For us, it is largely a logistical challenge of bringing troops and equipment back through -- into the Europe -- into Europe theater. So I mean, that's the -- it's more a mechanical process than anything else. But it is -- I mean, that's not to understate the challenge. I mean, having all that equipment come back, not just to the Army at large, but in our particular case in Europe there's a substantial workload of equipment reset that would be necessary as well.
Q And more in terms of sort of problem scenarios, where violence erupts and the country may be split, and Turkey gets involved in terms of the Kurdish problem, things like that, those kinds of contingency plans, is U.S. Army Europe involved in any of that, or thinking ahead to any of that?
GEN. HAM: I think that's -- that would probably be a contingency plan that's going on inside Central Command, I would guess, rather than European Command. We would at some point, if called upon as force providers, have some role in that. But I think that would probably be a different command than mine that would participate.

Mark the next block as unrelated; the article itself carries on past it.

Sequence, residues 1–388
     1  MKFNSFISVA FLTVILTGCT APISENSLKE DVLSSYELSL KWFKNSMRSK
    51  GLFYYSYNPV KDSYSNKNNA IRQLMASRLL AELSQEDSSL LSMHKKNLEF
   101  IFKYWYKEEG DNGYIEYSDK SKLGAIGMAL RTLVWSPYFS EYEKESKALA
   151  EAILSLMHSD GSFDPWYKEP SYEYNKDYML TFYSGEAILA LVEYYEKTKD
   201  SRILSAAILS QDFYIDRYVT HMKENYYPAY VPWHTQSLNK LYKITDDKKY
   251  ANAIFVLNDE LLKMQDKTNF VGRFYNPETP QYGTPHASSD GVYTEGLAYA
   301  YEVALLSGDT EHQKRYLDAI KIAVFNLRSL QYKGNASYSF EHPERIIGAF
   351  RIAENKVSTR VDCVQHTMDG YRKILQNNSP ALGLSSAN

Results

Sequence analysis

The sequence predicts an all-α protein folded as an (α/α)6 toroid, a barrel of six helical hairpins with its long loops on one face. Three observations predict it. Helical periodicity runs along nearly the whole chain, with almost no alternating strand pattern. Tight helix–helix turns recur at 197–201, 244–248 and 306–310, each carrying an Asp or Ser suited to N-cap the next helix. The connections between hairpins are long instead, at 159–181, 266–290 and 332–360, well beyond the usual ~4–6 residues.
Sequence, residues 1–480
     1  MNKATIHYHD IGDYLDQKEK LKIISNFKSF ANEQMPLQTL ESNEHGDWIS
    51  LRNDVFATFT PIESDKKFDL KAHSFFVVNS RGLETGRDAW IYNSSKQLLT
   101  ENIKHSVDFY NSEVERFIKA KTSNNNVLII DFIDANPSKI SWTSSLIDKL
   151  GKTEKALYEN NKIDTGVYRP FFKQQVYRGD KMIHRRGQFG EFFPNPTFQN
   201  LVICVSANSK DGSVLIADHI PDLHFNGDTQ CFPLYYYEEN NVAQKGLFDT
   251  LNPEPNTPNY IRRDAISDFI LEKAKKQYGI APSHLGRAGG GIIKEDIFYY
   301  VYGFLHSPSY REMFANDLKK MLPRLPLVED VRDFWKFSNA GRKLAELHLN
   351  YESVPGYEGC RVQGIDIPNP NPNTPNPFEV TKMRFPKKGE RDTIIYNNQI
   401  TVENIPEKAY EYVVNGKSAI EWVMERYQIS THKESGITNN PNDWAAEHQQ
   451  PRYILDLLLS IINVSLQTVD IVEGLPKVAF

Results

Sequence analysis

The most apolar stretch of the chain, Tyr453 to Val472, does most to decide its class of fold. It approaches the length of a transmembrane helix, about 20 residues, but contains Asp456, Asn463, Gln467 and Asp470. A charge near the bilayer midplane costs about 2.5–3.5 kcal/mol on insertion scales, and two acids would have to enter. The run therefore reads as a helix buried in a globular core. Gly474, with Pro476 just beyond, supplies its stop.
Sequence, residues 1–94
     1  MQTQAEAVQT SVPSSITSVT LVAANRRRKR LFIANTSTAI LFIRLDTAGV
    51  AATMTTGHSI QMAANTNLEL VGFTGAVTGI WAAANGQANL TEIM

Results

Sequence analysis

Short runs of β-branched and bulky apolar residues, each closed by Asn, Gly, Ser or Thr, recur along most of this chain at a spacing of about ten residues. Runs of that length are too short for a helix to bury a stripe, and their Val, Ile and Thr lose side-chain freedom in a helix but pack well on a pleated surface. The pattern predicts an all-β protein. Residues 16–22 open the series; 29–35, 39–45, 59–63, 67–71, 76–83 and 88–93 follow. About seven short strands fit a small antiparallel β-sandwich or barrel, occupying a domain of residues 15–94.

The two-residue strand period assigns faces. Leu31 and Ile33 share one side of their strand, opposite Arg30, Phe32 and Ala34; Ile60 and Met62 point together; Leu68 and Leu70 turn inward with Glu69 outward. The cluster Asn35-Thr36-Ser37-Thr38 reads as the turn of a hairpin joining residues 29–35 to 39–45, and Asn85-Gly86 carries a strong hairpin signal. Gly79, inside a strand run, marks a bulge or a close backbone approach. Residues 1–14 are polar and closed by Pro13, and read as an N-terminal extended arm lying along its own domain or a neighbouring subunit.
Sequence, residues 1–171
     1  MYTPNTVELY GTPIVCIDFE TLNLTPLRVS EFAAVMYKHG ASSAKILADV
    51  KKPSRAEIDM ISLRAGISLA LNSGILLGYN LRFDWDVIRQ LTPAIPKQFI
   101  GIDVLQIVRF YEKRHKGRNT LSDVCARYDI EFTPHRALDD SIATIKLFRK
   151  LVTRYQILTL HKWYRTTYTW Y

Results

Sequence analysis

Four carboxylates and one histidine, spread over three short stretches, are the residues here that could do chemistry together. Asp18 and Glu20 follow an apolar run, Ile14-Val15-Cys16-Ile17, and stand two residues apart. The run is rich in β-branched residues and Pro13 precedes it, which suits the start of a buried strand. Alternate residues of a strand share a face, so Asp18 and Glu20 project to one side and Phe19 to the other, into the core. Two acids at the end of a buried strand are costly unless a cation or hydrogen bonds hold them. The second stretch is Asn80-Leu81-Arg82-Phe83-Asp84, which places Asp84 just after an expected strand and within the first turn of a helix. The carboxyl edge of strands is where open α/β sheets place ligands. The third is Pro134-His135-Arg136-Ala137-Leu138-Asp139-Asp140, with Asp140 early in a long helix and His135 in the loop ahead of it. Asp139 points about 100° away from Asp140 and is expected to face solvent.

Q (Off mike) -- troops are in demand for the foreseeable future in both Iraq and Afghanistan. What kind of challenges does that bring to you in U.S. Army Europe? Because obviously your force structure is much more limited than back here in the States. What are the challenges involved in maintaining enabler flow for the next couple years?
GEN. HAM: One of the challenges that we face is that there are disparities between the types of forces. The brigade combat teams are -- we are starting to see increased dwell between deployments for the brigade combat teams. For some of the -- some of the other units, aviation units, military police, signal, intelligence units, then the dwell is -- in many cases is shorter. So it's a -- there is -- there's a challenge -- it's a challenge that I have between trying to manage the expectations of soldiers and families in those various types of units and try to balance that as best we can. So that's a -- that's a near-term challenge that we have, to be sure.